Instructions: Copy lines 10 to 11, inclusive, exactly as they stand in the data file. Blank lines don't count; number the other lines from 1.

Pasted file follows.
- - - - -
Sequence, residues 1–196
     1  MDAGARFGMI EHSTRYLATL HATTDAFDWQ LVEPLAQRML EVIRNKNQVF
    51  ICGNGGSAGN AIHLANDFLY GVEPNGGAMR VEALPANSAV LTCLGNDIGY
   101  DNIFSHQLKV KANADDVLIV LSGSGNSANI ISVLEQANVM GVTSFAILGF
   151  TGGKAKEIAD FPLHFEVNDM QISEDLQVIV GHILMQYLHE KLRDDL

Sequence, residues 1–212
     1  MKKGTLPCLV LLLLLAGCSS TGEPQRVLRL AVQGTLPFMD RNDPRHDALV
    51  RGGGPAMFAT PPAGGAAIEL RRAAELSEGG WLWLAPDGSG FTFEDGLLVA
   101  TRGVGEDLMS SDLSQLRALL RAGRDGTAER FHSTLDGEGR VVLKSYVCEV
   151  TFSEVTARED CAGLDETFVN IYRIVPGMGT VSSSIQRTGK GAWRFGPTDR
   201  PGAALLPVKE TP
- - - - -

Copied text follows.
   151  TFSEVTARED CAGLDETFVN IYRIVPGMGT VSSSIQRTGK GAWRFGPTDR
   201  PGAALLPVKE TP